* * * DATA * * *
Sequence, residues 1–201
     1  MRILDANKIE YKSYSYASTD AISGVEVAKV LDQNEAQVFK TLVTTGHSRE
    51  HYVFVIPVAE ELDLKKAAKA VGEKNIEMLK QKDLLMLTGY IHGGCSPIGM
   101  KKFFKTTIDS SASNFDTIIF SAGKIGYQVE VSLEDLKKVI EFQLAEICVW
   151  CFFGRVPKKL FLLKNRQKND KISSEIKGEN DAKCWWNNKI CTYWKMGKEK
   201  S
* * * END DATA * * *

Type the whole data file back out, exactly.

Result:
Sequence, residues 1–201
     1  MRILDANKIE YKSYSYASTD AISGVEVAKV LDQNEAQVFK TLVTTGHSRE
    51  HYVFVIPVAE ELDLKKAAKA VGEKNIEMLK QKDLLMLTGY IHGGCSPIGM
   101  KKFFKTTIDS SASNFDTIIF SAGKIGYQVE VSLEDLKKVI EFQLAEICVW
   151  CFFGRVPKKL FLLKNRQKND KISSEIKGEN DAKCWWNNKI CTYWKMGKEK
   201  S